It says: “The Naval Nuclear Propulsion Program is comprised of military and civilian personnel who design, build, operate, maintain and manage the nearly one hundred reactors that power US aircraft carriers and submarines and provide training and research services.
“The program is operated jointly by the Department of Energy and the US Navy. Nuclear reactors provide the Navy with the mobility, flexibility and endurance required to carry out its global mission. More powerful reactors are beginning to be employed on the new Ford class aircraft carriers and will enable the new Columbia class of submarines in the next decades.
“A strong domestic supply chain is needed to provide for nuclear Navy requirements.
“This supply chain has an inherent and very strong overlap with the commercial nuclear energy sector.
“This supply chain for meeting the critical national security need for design and operation of Navy reactors includes a workforce trained in science and engineering, comprised of US citizens who qualify for security clearances.
“The Navy will (also) eventually need additional highly enriched uranium (HEU) to fuel its reactors for long intervals between refueling. Because of the national security use and the sensitivity of HEU production, the entire supply chain from uranium feed to the enrichment technology must be of United States origin.
“There is currently no such domestic capability in the supply chain. The relatively lengthy time period required to stand up such a capability raises serious, near-term concerns about the US capacity to meet this critical national security need.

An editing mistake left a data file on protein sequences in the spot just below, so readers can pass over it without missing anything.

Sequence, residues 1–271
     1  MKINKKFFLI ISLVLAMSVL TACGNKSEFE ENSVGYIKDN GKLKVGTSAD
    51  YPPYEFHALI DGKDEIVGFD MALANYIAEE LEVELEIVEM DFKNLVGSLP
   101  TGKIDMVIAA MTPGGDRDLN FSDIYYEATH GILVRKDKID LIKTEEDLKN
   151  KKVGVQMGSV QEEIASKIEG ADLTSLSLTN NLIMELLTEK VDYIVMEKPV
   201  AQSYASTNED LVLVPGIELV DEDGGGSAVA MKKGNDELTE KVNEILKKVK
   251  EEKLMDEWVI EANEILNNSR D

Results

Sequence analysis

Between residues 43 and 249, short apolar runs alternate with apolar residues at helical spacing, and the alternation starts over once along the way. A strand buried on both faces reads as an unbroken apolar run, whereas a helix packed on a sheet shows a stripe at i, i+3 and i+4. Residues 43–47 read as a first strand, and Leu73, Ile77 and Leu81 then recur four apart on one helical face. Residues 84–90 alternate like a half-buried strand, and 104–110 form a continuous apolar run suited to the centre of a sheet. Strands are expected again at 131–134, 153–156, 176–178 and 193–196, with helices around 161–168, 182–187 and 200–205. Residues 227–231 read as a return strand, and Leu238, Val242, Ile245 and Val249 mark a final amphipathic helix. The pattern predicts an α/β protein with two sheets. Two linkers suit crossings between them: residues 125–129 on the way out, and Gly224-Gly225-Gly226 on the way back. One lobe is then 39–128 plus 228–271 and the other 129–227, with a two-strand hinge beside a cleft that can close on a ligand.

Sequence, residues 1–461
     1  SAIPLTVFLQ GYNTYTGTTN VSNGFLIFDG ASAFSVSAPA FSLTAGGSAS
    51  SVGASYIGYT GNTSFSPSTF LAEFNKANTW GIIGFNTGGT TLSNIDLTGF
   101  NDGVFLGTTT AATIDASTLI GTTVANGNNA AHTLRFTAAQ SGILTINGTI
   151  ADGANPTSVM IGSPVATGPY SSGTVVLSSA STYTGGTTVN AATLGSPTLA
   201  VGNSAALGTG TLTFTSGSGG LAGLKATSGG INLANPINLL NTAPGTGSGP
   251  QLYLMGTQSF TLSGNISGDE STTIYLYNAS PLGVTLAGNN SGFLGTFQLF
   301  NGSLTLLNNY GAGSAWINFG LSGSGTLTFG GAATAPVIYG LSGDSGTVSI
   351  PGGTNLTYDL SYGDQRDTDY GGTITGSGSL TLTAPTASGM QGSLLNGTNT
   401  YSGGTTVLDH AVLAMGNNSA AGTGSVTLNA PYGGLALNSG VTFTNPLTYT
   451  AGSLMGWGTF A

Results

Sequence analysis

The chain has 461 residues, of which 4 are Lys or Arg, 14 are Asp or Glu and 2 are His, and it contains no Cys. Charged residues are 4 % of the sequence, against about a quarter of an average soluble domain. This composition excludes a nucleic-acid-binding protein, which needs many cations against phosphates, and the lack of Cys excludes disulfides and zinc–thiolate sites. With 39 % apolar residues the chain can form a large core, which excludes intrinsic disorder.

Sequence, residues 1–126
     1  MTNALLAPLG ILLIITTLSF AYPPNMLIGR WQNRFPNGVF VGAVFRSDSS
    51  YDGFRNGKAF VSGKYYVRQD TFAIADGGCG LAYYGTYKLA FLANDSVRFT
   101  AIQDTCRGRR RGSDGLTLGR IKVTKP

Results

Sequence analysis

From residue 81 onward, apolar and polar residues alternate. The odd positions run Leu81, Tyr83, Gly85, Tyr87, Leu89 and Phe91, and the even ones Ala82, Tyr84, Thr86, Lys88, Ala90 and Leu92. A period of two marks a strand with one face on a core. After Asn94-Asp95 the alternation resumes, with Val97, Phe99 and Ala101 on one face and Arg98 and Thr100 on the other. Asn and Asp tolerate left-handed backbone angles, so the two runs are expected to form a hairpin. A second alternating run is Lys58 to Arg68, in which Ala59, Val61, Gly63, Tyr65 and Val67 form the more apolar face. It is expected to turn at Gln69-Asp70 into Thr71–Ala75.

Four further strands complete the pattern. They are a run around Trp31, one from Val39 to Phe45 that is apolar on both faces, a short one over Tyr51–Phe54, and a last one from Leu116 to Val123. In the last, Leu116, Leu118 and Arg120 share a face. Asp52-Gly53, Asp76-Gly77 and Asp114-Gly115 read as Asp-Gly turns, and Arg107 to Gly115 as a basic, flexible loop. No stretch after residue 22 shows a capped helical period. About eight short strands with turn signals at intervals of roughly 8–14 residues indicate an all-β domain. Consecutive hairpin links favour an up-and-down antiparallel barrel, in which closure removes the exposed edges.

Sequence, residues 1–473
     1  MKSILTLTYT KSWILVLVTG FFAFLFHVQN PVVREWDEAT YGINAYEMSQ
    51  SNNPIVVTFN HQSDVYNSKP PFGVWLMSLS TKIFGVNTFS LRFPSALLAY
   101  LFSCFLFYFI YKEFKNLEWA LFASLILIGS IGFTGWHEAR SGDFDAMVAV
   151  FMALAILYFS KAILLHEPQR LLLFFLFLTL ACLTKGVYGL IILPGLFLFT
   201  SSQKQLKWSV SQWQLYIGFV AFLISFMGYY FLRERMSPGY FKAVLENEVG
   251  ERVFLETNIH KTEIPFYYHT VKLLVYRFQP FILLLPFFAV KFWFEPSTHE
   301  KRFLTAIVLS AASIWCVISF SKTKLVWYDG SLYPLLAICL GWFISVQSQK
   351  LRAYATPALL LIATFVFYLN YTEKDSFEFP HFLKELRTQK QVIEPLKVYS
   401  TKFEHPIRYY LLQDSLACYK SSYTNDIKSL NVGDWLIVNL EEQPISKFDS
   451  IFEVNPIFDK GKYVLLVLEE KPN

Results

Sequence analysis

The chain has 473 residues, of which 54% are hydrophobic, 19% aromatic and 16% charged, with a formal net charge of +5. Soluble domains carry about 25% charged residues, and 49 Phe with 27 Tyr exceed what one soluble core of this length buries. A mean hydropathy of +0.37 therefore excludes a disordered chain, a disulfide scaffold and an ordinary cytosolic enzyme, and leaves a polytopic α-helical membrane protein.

“The nuclear weapons stockpile requires a constant source of tritium (half life about 12.5 years), provided by irradiating special fuel rods in one or two commercial power reactors. As with the Navy HEU requirements, the tritium must be supplied from US-origin reactors using domestically produced LEU reactor fuel.
“Once again, we do not have the long-term capability to meet this need because of the absence of an enrichment facility using US-origin technology. This is a glaring hole in the domestic nuclear supply chain, since the only enrichment facility in the United States today uses Urenco (European) technology to supply power reactor fuel.”
The report also spells out that the companies that supply the shrinking civil nuclear reactor programme are the same firms that provide the components and enriched uranium to keep the Navy’s nuclear-propelled vessels in full operational order.
The report says: “A shrinking commercial enterprise will have long term spillover effects on the Navy supply chain, including by lessened enthusiasm among American citizens to pursue nuclear technology careers.”
south of Japan (above – these are ever more prevalent) / Sept.4, 2017 https://go.nasa.gov/2gG3Lgc
detail south east of Japan (above) / Sept.4, 2017 https://go.nasa.gov/2gGLXl8
detail south east of Japan (above) / Sept.4, 2017 https://go.nasa.gov/2eX69vd
detail south east of Japan (above) / Sept.4, 2017 https://go.nasa.gov/2gGLbEy
The Sea of Japan / Sept.5, 2017 https://go.nasa.gov/2f1V24n